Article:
Czech President Vaclav Klaus has stressed that, in his view, there is no point in continuing with the ratification of the current version of the European constitution following its rejection by France and the Netherlands. Speaking on a TV discussion programme on Sunday the president suggested, for example, that an alternative text be found, one that - in his view - did not "infringe on peoples' lives". While opposed to the constitution treaty, Mr Klaus said he would not veto any move by the Czech government and Parliament to hold a referendum to ratify the document.
Following the two "No" votes last week Czech Prime Minister Jiri Paroubek emphasised that the ratification process should continue in remaining countries.
Prime Minister Jiri Paroubek has said he will aim to discuss ratification of the EU constitution with both opposition parties, the Civic Democrats and the Communists. On Sunday he said that both supporters and opponents of the treaty will be invited to take part in the first phase of a planned information campaign. A meeting of Social Democrat and Civic Democrat leaders has been set for Monday. Unlike the right-of-centre Civic Democrats, the Communist Party wants the information campaign to go ahead in the Czech Republic, although party members are undecided as to whether or not the ratification process should be suspended. The prime minister has indicated the campaign would be launched after the mid-June EU summit, set to discuss further steps following the French and Dutch votes.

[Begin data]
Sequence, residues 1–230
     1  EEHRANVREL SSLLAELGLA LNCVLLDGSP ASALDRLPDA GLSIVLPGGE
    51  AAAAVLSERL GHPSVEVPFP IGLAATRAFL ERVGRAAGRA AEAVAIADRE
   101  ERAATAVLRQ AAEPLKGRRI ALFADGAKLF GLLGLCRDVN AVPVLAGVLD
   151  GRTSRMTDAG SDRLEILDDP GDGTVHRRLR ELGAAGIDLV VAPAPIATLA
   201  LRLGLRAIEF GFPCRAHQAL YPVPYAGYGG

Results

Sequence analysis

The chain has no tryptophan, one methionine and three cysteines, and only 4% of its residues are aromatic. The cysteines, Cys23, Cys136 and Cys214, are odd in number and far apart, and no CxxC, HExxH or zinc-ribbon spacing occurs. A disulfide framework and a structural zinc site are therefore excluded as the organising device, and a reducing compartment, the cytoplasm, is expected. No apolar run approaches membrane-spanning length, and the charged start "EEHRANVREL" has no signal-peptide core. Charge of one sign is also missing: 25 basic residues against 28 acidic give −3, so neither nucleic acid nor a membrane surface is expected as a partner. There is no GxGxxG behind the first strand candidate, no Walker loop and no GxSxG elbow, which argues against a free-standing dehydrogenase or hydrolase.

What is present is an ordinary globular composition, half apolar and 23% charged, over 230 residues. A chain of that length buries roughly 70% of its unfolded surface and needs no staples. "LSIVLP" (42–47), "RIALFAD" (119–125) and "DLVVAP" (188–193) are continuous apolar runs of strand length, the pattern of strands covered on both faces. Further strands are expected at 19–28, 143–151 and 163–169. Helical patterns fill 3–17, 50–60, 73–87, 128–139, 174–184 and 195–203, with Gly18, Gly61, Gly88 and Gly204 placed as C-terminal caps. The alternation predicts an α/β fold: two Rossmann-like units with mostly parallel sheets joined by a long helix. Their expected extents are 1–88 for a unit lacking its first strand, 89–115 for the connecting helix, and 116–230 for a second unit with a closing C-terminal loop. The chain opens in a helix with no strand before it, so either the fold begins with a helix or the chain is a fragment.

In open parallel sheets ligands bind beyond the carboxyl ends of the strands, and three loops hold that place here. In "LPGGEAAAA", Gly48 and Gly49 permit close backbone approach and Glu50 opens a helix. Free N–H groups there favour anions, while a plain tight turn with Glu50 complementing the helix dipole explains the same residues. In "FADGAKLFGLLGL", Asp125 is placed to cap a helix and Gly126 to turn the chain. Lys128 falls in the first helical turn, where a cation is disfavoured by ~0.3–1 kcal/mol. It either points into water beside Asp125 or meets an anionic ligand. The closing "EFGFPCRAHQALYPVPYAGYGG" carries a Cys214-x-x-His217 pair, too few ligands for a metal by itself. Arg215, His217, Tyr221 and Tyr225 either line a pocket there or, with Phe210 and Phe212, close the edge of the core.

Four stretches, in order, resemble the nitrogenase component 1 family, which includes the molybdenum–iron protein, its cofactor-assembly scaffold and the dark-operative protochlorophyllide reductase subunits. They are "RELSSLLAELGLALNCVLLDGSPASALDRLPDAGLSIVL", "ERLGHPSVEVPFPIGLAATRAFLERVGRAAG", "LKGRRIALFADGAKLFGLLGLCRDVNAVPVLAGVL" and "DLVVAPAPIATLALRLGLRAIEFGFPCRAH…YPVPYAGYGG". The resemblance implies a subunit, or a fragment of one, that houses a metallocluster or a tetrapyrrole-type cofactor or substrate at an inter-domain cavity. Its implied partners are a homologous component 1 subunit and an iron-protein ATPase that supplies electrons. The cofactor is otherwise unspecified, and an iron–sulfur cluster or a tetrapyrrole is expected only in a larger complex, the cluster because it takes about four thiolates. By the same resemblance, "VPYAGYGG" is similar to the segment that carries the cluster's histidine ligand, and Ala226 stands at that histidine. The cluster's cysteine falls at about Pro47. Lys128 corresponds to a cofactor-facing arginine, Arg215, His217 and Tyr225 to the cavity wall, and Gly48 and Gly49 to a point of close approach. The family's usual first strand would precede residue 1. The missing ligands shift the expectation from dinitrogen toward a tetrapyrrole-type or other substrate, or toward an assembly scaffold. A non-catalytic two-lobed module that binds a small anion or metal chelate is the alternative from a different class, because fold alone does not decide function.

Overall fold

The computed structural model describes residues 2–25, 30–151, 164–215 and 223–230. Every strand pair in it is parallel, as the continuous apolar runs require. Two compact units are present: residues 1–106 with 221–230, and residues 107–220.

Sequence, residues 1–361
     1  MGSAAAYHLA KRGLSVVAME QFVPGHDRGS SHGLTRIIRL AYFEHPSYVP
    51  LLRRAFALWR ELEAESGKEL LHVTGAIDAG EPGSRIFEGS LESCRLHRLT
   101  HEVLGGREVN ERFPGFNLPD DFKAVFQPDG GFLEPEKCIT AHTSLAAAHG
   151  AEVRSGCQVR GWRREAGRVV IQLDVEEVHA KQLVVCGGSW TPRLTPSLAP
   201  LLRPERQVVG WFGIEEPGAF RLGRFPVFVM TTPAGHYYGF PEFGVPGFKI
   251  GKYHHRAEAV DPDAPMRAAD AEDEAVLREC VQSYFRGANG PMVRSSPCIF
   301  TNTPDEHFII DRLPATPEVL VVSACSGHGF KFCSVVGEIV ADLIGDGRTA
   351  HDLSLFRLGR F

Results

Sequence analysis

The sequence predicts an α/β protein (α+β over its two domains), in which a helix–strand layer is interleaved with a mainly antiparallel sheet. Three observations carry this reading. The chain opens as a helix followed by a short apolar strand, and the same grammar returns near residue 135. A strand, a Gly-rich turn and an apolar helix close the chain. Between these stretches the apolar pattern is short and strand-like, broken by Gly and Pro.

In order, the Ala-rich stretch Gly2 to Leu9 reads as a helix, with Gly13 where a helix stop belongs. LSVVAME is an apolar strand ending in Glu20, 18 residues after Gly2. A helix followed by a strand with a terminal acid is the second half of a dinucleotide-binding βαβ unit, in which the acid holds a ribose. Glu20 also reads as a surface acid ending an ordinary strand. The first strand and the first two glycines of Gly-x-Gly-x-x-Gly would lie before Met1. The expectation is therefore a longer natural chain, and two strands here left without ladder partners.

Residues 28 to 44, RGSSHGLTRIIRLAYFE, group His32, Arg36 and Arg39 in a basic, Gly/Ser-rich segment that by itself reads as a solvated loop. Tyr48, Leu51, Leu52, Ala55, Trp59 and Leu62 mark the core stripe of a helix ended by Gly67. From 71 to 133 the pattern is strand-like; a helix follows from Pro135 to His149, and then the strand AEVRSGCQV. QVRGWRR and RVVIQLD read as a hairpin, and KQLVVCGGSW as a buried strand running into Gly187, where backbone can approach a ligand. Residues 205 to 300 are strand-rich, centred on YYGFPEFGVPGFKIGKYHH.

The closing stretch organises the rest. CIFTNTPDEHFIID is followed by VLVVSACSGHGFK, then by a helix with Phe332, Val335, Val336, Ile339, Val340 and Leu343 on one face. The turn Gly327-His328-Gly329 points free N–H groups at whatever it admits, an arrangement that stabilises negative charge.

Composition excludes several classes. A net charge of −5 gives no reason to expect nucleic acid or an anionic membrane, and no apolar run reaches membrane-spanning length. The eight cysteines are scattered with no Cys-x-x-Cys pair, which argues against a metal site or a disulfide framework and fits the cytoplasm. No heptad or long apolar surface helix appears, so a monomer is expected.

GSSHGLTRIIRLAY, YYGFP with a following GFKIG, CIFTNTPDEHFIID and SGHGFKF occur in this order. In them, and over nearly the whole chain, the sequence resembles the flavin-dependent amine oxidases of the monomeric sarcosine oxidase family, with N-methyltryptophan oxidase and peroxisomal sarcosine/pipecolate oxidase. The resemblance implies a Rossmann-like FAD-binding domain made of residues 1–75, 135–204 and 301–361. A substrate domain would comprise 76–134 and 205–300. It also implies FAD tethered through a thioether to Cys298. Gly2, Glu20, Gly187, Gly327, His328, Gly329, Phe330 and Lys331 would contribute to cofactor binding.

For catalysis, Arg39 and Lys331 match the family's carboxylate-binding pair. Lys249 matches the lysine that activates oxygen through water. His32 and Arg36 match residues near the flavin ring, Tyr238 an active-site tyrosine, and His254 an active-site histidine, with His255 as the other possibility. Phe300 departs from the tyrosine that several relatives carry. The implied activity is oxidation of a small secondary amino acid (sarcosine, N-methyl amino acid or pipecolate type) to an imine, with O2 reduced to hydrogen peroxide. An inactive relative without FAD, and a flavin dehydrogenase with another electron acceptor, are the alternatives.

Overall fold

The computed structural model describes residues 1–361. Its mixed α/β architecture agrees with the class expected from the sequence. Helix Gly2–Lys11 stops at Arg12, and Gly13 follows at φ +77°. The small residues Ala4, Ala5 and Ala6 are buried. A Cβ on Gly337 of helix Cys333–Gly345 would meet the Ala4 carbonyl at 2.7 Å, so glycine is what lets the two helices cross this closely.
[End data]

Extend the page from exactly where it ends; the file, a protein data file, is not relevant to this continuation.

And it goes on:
The government will earmark a total of 200 million crowns (over 8 million US dollars) for the campaign on the EU constitution.
The Sunday paper Nedelni svet has written in its latest edition that Social Democrat MP and head of the Parliamentary Committee for the Economy Josef Hojdar is in danger of being expelled from party ranks. The paper outlines two reasons, one being a procedural mistake in Mr Hojdar's election as head of the party district branch in the north-west Bohemian town of Most; the second is opposition within his party to the Social Democrats' so-called left-wing faction, of which Mr Hojdar is a part. Nedelni svet quotes one Social Democrat as blaming Mr Hojdar for helping to bring down former prime ministers Vladimir Spidla and Stanislav Gross. The paper writes that if Mr Hojdar is expelled it could threaten the stability of the government which would lose its slim one-vote majority in the Lower House.
The Czech Republic's demolition of Andorra in World Cup qualifying on Saturday saw a number of new team records set, not least the record for highest number of goals in a single match. A Czech national football side had never before scored 8 goals in a game: the closest it came was twice in the 1920s, both times hitting 7 goals against former Yugoslavia.
Saturday's qualifier saw striker Jan Koller also set a new record for most goals scored by a player for the national team (breaking the 34 mark set by the legendary Antonin Puc), while team captain Tomas Galasek scored his first international goal in 43 starts.
Despite the win, the Czechs remain 2nd in their qualifying group, one point behind the Netherlands, whose team defeated Romania on Saturday by a score of 2:0.
The coming days should see mixed weather with light showers and some sunny periods. Temperatures are expected to hold at highs of about 20 degrees Celsius.
Archaeologists unearth seven graves dating back to Great Moravian Empire
Czech Republic bracing for wind storm Sabine
Ron Perlman: Cinema is a much bigger art-form than superhero movies represent
Valentine’s Day 1945 - When the Americans bombed Prague
“Einstein in Bohemia” – part 1: how a Prague sojourn sparked his theory of general relativity, journey of self-discovery